Monday, April 20, 2009


Jesus replied, "And why do you break the command of God for the sake of your traditions?"

Matthew 15:3(NIV)

(Jesus speaking to Pharisees and teachers because His disciples didn't wash their hands before they ate. Further reading go to Matt. 15:1-20)

Holidays are a great time that many families have annual traditions? Dinner at grandma's, opening presents christmas morning, the reading of "The night before Christmas" or the real Christmas story of Jesus' birth. Maybe the hanging of stockings, or mom making her famous pies?

I'm not sure what traditions you or your family participate in or perform during the holidays. But traditions can be a great part of family or memories. Traditions, however, can also be a negative thing when it comes to our faith. The problem with any tradition in a church is that at some point people begin mistaking and making those traditions gospel, doctrinal, or neccessities.

I find it interesting that the word tradition comes from the Latin traditionem, acc. of traditio which means "a giving up, delivering up, surrendering" (source: wikipedia). In today's culture tradition is more of a custom or practice. What I find interesting is the original intent of the word means "giving up" or "surrending" something and that's the last thing most people want to do when it comes to "traditions".

Having grandpa's famous fudge every year at Christmas is a great tradition and no harm in having it every year as long as grandpa wants to keep making it, but to take a practice or custom at your church that becomes a tradition and force people to never give it up or split the church if leadership ends it, is not biblical or spiritually mature or wise.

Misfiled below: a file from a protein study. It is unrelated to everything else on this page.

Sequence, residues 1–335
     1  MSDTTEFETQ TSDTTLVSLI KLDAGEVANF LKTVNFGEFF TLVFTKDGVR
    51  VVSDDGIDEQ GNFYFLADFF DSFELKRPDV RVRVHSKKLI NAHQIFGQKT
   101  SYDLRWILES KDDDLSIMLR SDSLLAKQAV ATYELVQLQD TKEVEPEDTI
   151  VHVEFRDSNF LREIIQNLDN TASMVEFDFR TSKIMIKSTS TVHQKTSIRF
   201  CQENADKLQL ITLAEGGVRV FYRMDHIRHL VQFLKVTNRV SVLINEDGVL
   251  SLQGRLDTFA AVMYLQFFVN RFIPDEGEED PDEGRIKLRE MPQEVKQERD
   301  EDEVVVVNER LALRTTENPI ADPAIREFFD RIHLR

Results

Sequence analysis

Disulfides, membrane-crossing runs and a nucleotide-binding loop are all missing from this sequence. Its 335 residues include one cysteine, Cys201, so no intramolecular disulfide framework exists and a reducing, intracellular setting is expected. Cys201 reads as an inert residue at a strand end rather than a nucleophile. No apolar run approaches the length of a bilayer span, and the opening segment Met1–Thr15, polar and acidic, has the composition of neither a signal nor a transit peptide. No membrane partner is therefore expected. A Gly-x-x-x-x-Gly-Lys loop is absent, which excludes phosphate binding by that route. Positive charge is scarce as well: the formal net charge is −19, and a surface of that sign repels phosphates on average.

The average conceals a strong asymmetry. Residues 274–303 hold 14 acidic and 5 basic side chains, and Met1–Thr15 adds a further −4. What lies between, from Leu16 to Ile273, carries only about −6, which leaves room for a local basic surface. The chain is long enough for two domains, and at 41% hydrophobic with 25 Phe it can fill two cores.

Sometimes traditions run their course. Sometimes traditions work great for awhile, but become boring, ineffective, or stagnant. Sometimes traditions were great for one generation, but not for the next. We live in an ever changing world and culture and the church must change with it while keeping the message of Jesus unchanging. There have been many styles of automobiles over the years, but it's still an automobile. The main object doesn't change, only the method or style.

There are certain traditions in church I enjoy or love, but to bind traditions on people because I like it or enjoy it is both wrong and selfish. I'm for traditions in church for as long as they are effective, relevant, and positive. But, I'm also for ending "traditions" and beginning new ones when old ones stop working, growing, or being positive. The church is bigger than one person.

I know I write to many different types of people. Young and old, old school and new school, legalistic and progressive, christian and non-christian, and raised in church and not raised in church. I know the things I share are only my thoughts and opinions, but I hope in some way I can challenge your thinking today and help us all realize that sometimes we all can hold back the church and message of Jesus with our stubbornness, narrow-mindedness, and selfishness whether it's intentional or not, we can all be guilty of it.

I think something that will help us all is for us to know the difference between a tradition and a biblical command. To know the difference between essential doctrines and non-essential traditions. To enjoy traditions while they last, but when they've ran their course, support and enjoy new traditions that our church may try to incorporate or begin. Don't become so attached to a tradition that it becomes gospel, because our traditions may change over time, but the gospel never does.

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